[0037]FIG. 6a shows a cell from the frequency plan of FIG. 4, FIG. 6b shows a cell from the frequency plan of FIG. 5 and FIG. 6c shows the hex sectored cell generated when the cells of FIG. 6a and 6 b are overlaid;

[0038]FIG. 7 shows a hex-sectored frequency plan according to the present invention generated when the two frequency plans of FIGS. 4 and 5 are overlaid;

[0039]FIG. 8 shows the hex-sectored frequency plan of FIG. 7 with polarisation diversity added;

[0040]FIG. 9 shows a tri-sectored frequency plan, in which each sector is hexagonal;

[0041]FIG. 10a shows a cell of the frequency plan of FIG. 9 to which additional bearers have been added in accordance with the frequency plan of FIG. 4, FIG. 10b shows a cell of the frequency plan of FIG. 5 and FIG. 10c shows the cell which is generated when the cells of FIGS. 10a and 10 b are overlaid, ie. a tri-sectored cell overlaid with a hex-sectored cell;

[0042]FIG. 11 shows the frequency plan according to the present invention generated by overlaying the frequency plan of FIG. 9 with the hex-sectored frequency plan shown in FIG. 8;

[0043]FIG. 12 shows a first antenna arrangement suitable for putting the frequency plans of the present invention into effect; and

[0044]FIG. 13 shows a second antenna arrangement suitable for putting the frequency plans of the present invention into effect.

DETAILED DESCRIPTION OF PREFERRED EMBODIMENTS

[0045] There will now be described by way of example the best mode contemplated by the inventor for carrying out the invention. In the following description, numerous specific details are set out in order to provide a complete understanding of the present invention. It will be apparent, however, to those skilled in the art that the present invention may be put into practice with variations of the specific.

[0046] As set out above, in this document the term cell is used to define an area that is served by a single base station. The edges of a cell are defined by equal signal power boundaries with adjacent cells. Cells can be split into directional sectors. For example, a cell can tri-sectored, ie. split into three direction sectors, or hex-sectored, ie. split into six directional sectors.

[0047] Referring now to FIG. 4 there is shown part of a first tri-sectored frequency plan using base stations (B) having directional antennas. The top left hand cell of the frequency plan of FIG. 4 is shown in FIG. 6a. Each base station (B) supports three hexagonal sectors, for example, base station (8) supports three hexagonal sectors which are each allocated a number of bearers. For example if 9 bearers are allocated to each sector then there will be a total of 27 bearers per cell. FIG. 5 shows part of a second frequency plan with an identical cell topology to the first except that each cell is rotated through 180° relative to the frequency plan shown in FIG. 4. The frequency plan structure of FIG. 5 can be achieved by rotating the frequency plan of FIG. 4 through 180° or equivalently by rotating each cell of the frequency plan of FIG. 4 through 180°. It can be seen that this 180° rotation of the frequency plan is effectively equivalent to a + or −60° rotation. The top left hand cell of the frequency plan of FIG. 5 is shown in FIG. 6b.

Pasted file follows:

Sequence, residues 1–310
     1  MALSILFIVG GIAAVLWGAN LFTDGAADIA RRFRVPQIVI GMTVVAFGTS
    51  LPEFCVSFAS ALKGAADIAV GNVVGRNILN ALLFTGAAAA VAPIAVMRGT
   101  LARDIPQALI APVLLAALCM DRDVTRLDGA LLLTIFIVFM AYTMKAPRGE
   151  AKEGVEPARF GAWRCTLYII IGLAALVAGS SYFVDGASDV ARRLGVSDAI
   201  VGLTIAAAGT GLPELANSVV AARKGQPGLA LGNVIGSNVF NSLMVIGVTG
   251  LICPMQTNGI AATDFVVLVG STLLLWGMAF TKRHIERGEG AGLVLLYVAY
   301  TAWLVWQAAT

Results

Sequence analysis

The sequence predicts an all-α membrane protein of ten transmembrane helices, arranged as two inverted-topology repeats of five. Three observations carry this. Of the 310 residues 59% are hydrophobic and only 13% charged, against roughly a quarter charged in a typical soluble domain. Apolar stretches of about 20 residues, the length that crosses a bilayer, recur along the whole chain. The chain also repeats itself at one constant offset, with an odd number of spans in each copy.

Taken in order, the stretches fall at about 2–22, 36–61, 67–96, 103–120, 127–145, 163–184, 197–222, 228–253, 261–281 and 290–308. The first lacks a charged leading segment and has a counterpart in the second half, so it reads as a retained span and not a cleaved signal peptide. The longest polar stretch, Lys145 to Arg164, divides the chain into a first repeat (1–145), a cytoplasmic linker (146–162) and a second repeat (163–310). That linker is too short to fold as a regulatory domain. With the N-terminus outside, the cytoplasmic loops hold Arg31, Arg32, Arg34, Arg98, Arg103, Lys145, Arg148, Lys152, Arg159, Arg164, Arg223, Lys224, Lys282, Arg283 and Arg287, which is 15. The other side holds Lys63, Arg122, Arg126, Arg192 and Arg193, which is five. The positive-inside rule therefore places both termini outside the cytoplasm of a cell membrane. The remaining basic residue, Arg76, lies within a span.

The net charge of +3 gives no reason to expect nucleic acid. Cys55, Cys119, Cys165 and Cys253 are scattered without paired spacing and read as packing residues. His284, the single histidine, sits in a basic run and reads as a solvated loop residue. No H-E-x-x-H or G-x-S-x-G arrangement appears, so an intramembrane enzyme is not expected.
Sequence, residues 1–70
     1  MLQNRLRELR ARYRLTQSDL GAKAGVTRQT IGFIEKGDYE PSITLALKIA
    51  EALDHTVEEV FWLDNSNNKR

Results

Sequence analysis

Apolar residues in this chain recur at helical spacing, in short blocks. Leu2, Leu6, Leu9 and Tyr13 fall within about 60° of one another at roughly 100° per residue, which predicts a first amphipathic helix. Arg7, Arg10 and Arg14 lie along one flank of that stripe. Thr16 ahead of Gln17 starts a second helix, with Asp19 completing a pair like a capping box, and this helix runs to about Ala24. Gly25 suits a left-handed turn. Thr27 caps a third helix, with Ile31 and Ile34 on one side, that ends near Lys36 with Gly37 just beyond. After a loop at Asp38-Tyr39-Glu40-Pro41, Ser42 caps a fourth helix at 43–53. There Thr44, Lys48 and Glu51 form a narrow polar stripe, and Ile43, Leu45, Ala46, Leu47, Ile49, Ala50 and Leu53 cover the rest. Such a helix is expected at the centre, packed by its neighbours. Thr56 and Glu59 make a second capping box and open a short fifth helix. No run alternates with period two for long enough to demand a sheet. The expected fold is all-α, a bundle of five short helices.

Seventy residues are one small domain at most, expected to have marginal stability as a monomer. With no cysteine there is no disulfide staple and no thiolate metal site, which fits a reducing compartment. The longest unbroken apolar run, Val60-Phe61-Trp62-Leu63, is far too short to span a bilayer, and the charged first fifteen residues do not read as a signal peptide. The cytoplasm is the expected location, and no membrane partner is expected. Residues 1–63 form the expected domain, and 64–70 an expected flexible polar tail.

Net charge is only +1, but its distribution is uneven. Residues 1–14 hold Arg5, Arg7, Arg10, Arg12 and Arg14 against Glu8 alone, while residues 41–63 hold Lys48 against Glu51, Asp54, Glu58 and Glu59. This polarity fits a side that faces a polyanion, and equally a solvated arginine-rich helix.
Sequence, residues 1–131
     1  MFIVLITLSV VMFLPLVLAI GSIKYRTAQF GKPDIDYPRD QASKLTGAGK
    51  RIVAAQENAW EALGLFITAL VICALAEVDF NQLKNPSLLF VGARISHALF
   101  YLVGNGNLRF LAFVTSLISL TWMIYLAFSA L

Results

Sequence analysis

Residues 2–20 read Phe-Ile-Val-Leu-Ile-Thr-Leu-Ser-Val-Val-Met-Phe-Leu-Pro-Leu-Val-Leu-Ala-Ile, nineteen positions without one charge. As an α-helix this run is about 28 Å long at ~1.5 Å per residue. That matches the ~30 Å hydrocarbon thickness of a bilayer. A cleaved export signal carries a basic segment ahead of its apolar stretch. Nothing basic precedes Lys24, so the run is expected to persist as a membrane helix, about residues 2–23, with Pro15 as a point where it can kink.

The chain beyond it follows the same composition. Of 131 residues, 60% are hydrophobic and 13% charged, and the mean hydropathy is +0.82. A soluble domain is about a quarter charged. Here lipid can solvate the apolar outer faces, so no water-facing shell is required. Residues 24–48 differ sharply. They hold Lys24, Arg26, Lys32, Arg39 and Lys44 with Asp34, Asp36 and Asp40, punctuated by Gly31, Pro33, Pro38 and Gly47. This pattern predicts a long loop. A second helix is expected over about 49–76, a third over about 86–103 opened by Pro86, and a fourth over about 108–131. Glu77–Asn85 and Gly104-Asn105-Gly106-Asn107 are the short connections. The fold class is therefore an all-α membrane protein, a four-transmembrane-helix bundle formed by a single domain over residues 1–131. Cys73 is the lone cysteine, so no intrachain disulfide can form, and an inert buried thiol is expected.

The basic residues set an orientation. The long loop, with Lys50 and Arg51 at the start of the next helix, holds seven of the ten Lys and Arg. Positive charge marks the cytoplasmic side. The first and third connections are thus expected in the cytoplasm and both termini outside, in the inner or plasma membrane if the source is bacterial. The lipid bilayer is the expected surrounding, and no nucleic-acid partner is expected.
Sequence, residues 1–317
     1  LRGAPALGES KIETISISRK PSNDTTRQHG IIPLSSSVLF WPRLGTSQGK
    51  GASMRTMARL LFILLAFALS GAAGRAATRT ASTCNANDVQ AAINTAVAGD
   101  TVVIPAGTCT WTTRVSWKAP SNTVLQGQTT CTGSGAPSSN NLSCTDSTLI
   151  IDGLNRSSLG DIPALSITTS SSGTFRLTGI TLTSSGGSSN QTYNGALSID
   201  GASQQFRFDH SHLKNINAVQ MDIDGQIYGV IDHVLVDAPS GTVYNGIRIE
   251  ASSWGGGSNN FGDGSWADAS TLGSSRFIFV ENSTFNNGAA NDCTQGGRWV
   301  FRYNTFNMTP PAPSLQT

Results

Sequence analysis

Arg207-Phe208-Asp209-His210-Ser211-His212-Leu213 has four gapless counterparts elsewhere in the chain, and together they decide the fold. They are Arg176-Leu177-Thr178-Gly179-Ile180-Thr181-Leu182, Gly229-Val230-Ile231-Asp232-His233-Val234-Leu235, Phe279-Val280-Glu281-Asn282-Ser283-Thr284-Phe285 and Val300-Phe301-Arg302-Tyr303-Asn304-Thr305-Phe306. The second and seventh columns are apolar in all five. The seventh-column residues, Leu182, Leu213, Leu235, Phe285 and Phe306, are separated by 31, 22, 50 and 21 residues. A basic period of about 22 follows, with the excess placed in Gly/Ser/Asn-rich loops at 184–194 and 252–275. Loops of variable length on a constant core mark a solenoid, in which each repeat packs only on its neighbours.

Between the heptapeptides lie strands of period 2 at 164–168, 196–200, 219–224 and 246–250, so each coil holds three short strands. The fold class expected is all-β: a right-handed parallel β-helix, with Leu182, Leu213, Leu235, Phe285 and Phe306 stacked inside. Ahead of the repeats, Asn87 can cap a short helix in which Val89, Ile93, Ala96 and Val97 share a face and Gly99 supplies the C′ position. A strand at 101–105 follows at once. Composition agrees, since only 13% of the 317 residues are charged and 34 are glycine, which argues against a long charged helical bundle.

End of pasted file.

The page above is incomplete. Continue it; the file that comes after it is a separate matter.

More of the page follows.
[0048]FIG. 6c shows the hex-sectored cell which is generated when the cells of FIGS. 6a and 6 b are overlaid. When the cells of FIG. 6a and 6 b are overlaid the sector boundaries (9,10,11) in the cell of FIG. 6a bisect the sectors of FIG. 6b (as shown in FIG. 6b in dotted lines (9,10,11)) and vice versa. It can be seen that redrawing the equal signal strength boundaries between sectors when two tri-sectored cells are overlaid in this way results in the single hex-sectored cell of FIG. 6c (the top left hand cell of FIG. 7). Also, as the triangular sectors of the cell in FIG. 6c are smaller in area than the hexagonal sectors of the cells in FIGS. 6a and 6 b the signal strength received by subscribers within the triangular sectors of FIG. 6c will be better than those received by subscribers within parts of the hexagonal sectors of FIGS. 6a and 6 b most distant from the base station.

[0049] When a fixed wireless access telecommunications network is initially deployed it may be deployed according to the frequency plan of FIG. 4. When all or parts of the network become overloaded due to increased usage, the frequency plan of FIG. 5 can be deployed in addition to that of FIG. 4, using additional antennas located at the same base stations (See FIGS. 12 and 13 which are discussed below), over the whole or particularly overloaded parts of the network. The overlaying of the frequency plans of FIGS. 4 and 5 generates the higher capacity frequency plan of FIG. 7.

[0050] The frequency plan of FIGS. 4 and 5 use 54 bearers. For example, bearer set (1) comprises bearers 1, 7, 13, 19, 25, 31, 37, 43 and 49, bearer set (2) comprises bearers 2, 8, 14, 26, 32, 38, 44 and 50, bearer set (3) comprises bearers 3, 9, 15, 21, 27, 33, 39, 45 and 51, bearer set (4) comprising bearers 4, 10, 16, 22, 28, 34, 40, 46 and 52, bearer set (5) comprises bearers 5, 11, 17, 23, 29, 35, 41, 47 and 53 and bearer set (6) comprises bearers 6, 12, 18, 24, 30, 36, 42, 48 and 54. These bearer sets are allocated in accordance with the sector numbering of the frequency plans shown in FIGS. 4 and 5. Accordingly, the cell in FIG. 6a associated with base station (8) is allocated half of the total number of bearers. Each cell in the plans of FIGS. 4 and 5 are therefore allocated half of the total number of bearers and alternate cells in a row of cells, for example cells associated with base stations (8) and (26) in the top row of FIG. 4 are allocated bearer sets (4), (5) and (6), with the remaining cells in the top row, for example cells associated with base stations (24) and (28), being allocated bearer sets (1), (2) and (3).